After filling some of the holes in the boards first by making a few extra struts with square dowel, glue and string (the man who came to make a new step did give me some funny looks when he saw this method)


I cut bits of wood and dowel to plug the gaps, sanded and undercoated.  I also painted the panelling.

I used a product called DraughtEx to fill the gaps in between the floorboards, it's amazing stuff and can't be seen once in place.


Draughtex got me thinking and I bought some pipe insulation foam things and fixed them onto the bottom of the bath panel to fill that gap.


I used Little Greene oil based floor paint, which took 16 hours to dry and involved a fair amount of planning in order to allow access to the toilet at all time, and yesterday, apart from a tiny piece of trim around the step, I finished it.


I treated myself to a new bathmat and hand towels from Dunelm,


and I am VERY pleased with the end result.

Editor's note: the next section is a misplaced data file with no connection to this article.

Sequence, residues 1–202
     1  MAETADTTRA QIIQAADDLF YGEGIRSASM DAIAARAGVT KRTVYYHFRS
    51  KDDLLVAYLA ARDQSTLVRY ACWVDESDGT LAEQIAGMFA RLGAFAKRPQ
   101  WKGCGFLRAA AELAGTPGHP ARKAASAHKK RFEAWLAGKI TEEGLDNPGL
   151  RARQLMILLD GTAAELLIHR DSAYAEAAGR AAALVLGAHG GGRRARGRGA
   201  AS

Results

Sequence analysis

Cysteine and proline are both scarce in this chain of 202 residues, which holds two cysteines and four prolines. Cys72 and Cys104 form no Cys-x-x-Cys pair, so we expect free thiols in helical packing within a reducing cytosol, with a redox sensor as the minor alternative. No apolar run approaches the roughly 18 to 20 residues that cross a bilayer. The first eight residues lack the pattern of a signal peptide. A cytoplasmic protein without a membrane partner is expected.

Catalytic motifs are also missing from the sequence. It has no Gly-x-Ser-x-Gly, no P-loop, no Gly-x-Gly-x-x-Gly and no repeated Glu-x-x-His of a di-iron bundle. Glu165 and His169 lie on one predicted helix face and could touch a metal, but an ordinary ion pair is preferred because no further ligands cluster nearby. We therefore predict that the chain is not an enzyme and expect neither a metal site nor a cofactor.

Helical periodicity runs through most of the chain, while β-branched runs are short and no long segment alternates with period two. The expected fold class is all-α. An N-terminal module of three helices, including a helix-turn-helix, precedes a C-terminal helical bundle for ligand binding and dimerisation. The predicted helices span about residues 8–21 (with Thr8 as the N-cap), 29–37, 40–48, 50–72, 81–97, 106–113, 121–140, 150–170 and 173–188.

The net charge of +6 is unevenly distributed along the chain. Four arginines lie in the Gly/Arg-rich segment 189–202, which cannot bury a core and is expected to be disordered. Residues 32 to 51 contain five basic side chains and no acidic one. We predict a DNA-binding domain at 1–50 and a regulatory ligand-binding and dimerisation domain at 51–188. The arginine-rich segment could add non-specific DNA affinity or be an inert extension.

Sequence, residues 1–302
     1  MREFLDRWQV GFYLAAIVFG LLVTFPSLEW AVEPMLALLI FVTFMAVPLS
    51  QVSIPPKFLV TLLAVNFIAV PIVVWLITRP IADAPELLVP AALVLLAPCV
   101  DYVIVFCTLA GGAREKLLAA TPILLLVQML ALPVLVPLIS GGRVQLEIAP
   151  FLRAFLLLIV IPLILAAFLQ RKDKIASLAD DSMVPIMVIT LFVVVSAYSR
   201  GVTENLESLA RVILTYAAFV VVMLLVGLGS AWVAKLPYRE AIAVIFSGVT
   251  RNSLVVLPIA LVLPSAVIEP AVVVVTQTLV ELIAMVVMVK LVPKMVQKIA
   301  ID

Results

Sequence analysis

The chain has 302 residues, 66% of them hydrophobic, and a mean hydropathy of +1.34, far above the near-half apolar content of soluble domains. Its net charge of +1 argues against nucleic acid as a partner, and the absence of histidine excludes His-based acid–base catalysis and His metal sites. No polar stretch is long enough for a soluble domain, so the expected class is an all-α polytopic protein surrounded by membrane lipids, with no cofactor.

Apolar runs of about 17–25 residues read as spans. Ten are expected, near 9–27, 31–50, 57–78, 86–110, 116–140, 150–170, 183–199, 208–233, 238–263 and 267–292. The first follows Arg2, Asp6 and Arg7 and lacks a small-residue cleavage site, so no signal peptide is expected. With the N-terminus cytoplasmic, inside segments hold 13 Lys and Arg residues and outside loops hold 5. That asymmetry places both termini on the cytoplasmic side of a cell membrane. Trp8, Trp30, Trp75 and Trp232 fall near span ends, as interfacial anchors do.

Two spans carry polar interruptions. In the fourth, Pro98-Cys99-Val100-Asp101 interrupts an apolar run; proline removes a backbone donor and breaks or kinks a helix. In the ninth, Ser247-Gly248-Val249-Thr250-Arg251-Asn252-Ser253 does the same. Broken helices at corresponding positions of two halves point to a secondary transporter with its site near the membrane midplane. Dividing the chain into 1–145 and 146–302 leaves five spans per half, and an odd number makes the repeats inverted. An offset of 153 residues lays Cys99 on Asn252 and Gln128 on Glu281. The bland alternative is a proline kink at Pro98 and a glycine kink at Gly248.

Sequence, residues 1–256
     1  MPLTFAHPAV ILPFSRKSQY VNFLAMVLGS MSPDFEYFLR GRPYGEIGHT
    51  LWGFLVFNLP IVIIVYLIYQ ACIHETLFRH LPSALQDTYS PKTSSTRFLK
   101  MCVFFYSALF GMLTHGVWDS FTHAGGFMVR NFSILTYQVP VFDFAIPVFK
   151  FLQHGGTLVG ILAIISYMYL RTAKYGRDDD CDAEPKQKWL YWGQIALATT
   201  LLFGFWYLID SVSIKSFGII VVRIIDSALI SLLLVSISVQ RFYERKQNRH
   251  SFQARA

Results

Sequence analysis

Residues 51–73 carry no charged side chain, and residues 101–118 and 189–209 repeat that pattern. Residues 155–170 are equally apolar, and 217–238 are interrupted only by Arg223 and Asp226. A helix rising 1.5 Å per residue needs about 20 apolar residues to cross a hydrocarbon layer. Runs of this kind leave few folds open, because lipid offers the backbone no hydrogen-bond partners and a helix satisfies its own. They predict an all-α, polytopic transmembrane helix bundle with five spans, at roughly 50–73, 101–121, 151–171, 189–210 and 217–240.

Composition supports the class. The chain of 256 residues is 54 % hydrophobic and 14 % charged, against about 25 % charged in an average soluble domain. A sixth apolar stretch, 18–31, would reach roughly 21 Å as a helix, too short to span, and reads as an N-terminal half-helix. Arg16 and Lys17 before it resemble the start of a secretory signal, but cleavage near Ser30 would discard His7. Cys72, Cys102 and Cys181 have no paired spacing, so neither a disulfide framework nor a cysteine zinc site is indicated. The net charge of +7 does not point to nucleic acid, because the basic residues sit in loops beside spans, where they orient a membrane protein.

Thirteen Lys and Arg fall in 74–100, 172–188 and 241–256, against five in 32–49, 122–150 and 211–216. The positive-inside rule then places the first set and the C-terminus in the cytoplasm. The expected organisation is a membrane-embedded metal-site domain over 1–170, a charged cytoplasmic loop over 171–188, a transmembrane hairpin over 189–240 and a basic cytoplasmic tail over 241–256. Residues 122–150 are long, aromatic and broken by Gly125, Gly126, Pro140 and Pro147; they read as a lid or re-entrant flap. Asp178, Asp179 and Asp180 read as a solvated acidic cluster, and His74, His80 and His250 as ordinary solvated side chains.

Sunday, February 15, 2015

Returning to My Happy Place

Today I managed one hour gardening - that might not sound much, and indeed it isn't really but it's one hour more than I've been able to do since last August when I tore the tendon in my elbow. As I cleared and tidied and cut back (gently as I'm still not too good with secateurs) I noticed signs of spring all around:

primroses still moist with dew/rain,


 quince buds about to break,


and snowdrops hanging their dainty heads.


There are hellebores under the shrubs


and hyacinths just about to risk popping their heads up above their leaves.


By my kitchen window the winter flowering honeysuckle is just starting to flower - it was flowering the day I first moved in 7 years ago.

There's still loads to do but it was good to get back into my happy place today :-)